7

Why is it necessary to make a function STATIC while using delegates in C# ?

class Program
{
    delegate int Fun (int a, int b);
    static void Main(string[] args)
    {
        Fun F1 = new Fun(Add);
        int Res= F1(2,3);
        Console.WriteLine(Res);
    }

   **static public int Add(int a, int b)** 
    {
        int result;
        result = a + b;
        return result;
    }
}
  • Because you are trying to reference it in a static context from Main? – captncraig Feb 19 '10 at 19:29
  • 2
    I deny the premise of the question; it is not necessary to make the method static. It is necessary to provide enough information to the delegate to successfully call the method; for non-static methods, that includes providing the instance that is receiving the non-static method call. – Eric Lippert Feb 19 '10 at 20:22
12

It's not "necessary". But your Main method is static, so it can't call a non-static method. Try something like this (this isn't really a good way to do things—you really should create a new class, but it doesn't change your sample much):

class Program 
{ 
    delegate int Fun (int a, int b); 
    void Execute()
    {
       Fun F1 = new Fun(Add); 
       int Res= F1(2,3); 
       Console.WriteLine(Res); 
    }

    static void Main(string[] args) 
    { 
        var program = new Program();
        program.Execute();
    } 

    int Add(int a, int b)
    { 
        int result; 
        result = a + b; 
        return result; 
    } 
}
  • 3
    Good job disproving your own claim with code. Clearly Main (a static method) refers to Execute (an instance method) by calling it. The correct statement would be "For a static method or method of another class to refer to an instance method, it must provide the instance when doing so". Instance methods within the same class also must provide an instance when referring to an instance method (check the IL to see this), but the C# compiler defaults to "this" is you don't specify one. – Ben Voigt Feb 19 '10 at 20:05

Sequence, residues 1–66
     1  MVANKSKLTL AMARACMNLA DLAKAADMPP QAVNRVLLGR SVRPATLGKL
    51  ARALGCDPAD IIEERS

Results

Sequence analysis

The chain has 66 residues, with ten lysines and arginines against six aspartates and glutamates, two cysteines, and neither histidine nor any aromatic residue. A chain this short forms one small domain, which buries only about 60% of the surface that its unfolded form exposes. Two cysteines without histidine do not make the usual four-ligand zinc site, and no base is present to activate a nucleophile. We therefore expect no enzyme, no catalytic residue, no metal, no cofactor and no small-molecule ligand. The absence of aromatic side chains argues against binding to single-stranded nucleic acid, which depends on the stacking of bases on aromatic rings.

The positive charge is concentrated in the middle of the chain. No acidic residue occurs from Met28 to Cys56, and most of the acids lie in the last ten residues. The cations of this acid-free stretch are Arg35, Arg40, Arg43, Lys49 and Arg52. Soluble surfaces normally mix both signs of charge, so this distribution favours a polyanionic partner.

8

Your function needs to be static because you're calling from a static method, Main. You can make the method non-static:

class Program
{
    delegate int Fun (int a, int b);
    static void Main(string[] args)
    {
        Program p = new Program();       // create instance of Program
        Fun F1 = new Fun(p.Add);         // now your non-static method can be referenced
        int Res= F1(2,3);
        Console.WriteLine(Res);
    }

    public int Add(int a, int b)
    {
        int result;
        result = a + b;
        return result;
    }
}
  • You can do that. There's a big question of whether you should. :) – pdr Feb 19 '10 at 19:32
  • 2
    @pdr: ?? The question is why the method has to be static. My answer is that it doesn't have to be, and demonstrates it. – Amy Feb 19 '10 at 20:21
1

In this case, because you aren't creating an instance of any class, the only alternative is a static function. Were you to instantiate an object of type Program, then you could use an instance method instead.

1

Delegates basically follow the same rules as methods. In the example provided your delegate must be static because you are calling it from a static method. In the same vein this will not work:

static void Main(string[] args)
{
    int Res = Add(3, 4);
    Console.WriteLine(Res);
}

public int Add(int a, int b)
{
    int result;
    result = a + b;
    return result;
}

However if you moved things into a non static context like this:

class MyClass
{
    public MyClass()
    {
        Fun F1 = new Fun(Add);
        int Res = F1(2, 3);
        Console.WriteLine(Res);
    }

    public int Add(int a, int b)
    {
        int result;
        result = a + b;
        return result;
    }
}

You can have a delegate with a non-static method.

  • That's not true you can delegate to a non-static method from a static context. E.g. MyDelegate del = foo.Bar; is valid even if Bar is not static and the assignment is in a static context. – Rune FS Feb 19 '10 at 19:52
-1

No need to create a static method to pass in delegate.

But the non static method should be declared in different class and have to be accessed with instance of that class.

DelegateName DN = new DelegateName ( instance of the class . Method Name)

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